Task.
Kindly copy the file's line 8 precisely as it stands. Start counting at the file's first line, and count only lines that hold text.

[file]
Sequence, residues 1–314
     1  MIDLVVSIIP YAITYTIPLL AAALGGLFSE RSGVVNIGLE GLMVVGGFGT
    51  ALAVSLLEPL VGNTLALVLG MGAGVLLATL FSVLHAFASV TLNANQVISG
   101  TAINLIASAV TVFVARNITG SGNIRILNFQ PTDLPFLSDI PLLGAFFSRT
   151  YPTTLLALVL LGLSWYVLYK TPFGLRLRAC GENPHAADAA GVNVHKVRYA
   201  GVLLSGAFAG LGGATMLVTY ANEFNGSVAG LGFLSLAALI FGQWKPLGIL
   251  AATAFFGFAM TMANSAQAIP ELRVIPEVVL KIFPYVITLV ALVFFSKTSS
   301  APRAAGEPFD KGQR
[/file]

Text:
   301  APRAAGEPFD KGQR